Two Brothers, One Business
I recall the case of two brothers who each owned 50% of a very profitable manufacturing business. Jim, age 58, was actively involved in the daily operations while Tom, age 65, had semi-retired and rarely came to work. Tom no longer drew a salary and was living off his income from his other assets and profit distributions from the business.
Jim also had two children, both working in the business. Tom’s kids, all grown, had no interest in working in the business. Ironically, their buy-sell agreement stated that if either of them died, the survivor would buy the other one’s stock. Obviously, that made perfect sense if Tom died first. But if Jim died first, why on earth would Tom want to buy his interest? Why would Jim want to sell his interest, especially with his kids working there? Further, their binding buy-sell agreement had a fixed price that grossly undervalued the business. Thus, their heirs were going to get far less than what they were expecting. On top of this mess, a review of their old buy-sell life insurance policies showed that they could replace them with new policies that offered over twice as much coverage for the same premium they were paying.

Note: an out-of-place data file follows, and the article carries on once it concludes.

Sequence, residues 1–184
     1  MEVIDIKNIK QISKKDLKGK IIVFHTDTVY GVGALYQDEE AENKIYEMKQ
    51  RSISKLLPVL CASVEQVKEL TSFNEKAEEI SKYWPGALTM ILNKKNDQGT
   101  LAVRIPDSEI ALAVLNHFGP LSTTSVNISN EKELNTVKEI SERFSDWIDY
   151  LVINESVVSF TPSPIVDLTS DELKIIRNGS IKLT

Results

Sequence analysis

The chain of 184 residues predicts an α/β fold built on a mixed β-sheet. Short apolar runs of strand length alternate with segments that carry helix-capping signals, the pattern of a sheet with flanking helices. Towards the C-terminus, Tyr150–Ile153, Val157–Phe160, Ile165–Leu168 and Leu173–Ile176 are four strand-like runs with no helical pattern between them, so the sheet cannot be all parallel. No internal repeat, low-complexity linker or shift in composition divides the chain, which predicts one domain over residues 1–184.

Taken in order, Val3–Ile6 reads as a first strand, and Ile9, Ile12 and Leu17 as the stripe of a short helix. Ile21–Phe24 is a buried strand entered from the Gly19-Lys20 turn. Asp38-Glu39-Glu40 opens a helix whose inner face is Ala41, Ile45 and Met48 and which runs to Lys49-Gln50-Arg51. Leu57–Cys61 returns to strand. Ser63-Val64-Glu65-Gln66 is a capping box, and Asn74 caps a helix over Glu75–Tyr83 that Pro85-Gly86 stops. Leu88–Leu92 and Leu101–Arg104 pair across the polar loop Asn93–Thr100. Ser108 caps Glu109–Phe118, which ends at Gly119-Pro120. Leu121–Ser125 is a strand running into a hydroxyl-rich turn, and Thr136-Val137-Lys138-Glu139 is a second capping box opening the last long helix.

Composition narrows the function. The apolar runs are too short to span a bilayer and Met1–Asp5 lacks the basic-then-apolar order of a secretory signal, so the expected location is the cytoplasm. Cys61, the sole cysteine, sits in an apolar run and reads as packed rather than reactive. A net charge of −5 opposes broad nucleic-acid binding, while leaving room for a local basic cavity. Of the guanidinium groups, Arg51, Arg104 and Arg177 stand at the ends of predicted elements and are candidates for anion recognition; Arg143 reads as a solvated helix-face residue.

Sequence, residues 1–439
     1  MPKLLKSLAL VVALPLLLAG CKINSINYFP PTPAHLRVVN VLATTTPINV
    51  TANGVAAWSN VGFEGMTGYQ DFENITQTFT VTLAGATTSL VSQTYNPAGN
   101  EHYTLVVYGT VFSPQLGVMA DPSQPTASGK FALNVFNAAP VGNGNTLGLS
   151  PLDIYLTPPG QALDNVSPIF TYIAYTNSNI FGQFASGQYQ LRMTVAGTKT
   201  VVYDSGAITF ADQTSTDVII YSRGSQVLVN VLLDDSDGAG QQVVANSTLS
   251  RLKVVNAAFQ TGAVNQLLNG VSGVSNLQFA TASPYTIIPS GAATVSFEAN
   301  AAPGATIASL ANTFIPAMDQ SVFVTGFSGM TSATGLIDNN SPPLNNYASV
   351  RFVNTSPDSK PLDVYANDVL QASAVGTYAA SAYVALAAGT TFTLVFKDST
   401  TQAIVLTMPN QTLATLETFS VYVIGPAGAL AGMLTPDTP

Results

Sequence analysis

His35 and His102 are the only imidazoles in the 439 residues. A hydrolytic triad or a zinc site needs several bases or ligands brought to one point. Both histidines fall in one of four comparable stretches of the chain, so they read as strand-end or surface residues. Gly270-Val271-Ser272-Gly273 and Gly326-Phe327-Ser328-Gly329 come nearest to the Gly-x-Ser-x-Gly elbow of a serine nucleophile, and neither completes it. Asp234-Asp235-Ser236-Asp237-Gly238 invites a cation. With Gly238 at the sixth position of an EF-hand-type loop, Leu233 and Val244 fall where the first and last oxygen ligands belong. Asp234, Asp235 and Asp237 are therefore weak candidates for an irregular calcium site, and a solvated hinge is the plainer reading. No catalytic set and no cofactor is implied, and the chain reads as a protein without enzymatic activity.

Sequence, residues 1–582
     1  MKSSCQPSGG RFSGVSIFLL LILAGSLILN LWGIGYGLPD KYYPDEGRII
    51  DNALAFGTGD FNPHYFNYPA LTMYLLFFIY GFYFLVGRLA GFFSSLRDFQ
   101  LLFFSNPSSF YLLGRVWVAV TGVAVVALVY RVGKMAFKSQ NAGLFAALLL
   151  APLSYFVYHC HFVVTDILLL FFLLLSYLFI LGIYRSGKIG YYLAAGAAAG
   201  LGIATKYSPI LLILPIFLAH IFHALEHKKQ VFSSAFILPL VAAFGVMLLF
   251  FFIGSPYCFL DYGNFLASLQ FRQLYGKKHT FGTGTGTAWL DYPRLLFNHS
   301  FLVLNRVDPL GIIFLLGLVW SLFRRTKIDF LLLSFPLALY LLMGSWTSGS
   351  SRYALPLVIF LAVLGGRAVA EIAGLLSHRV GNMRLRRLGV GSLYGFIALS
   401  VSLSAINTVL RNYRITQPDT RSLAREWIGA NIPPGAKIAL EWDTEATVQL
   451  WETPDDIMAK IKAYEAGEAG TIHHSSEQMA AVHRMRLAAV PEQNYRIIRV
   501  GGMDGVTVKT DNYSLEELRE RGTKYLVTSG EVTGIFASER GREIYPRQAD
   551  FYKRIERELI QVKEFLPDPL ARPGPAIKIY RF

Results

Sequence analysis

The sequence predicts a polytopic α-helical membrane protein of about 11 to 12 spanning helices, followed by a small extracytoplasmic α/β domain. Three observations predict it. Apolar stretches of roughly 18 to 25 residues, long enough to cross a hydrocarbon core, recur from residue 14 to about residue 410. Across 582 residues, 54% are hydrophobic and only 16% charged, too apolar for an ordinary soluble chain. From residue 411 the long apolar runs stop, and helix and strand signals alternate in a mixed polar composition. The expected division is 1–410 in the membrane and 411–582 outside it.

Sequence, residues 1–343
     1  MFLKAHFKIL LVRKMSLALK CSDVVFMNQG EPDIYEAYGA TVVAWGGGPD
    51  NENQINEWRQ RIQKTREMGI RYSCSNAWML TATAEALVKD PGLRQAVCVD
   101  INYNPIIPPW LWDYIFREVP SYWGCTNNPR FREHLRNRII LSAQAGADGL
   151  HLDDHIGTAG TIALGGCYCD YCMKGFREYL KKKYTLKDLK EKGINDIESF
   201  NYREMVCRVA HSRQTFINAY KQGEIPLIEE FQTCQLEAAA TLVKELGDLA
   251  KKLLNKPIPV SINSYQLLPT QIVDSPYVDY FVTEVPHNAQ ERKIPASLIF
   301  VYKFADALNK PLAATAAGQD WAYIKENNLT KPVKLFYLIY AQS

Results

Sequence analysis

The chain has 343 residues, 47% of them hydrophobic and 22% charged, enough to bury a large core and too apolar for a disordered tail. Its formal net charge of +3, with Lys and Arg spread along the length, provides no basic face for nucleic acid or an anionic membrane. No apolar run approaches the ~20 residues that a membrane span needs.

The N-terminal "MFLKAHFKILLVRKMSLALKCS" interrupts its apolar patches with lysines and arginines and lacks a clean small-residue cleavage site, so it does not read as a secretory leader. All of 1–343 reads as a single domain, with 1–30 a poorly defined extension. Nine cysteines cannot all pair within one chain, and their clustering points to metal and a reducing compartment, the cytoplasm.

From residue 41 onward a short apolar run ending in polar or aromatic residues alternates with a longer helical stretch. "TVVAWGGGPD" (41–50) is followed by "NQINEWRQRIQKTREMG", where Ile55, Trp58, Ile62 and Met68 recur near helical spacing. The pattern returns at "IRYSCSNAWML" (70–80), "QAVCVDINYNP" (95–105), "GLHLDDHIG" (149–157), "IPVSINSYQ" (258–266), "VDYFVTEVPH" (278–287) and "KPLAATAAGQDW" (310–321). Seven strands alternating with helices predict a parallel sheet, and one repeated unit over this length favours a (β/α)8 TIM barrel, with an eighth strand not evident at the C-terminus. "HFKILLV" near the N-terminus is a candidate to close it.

So, what did we do:
➢ We replaced the buy-sell agreement with a new one that uses a formula to value the business so that it would stay current and provide the heirs a fair price.
➢ The new agreement also requires the purchase of Tom’s interest no matter who dies first. That way, Jim’s wife and children get the business and Tom’s wife and children get bought out.
➢ We replaced their existing policies with new ones that had over twice as much coverage for the same cost.
Your business is most likely the most valuable thing you own. Let us help you protect it. Initially I will have more questions than answers, but those answers should help you to “cover your assets”.
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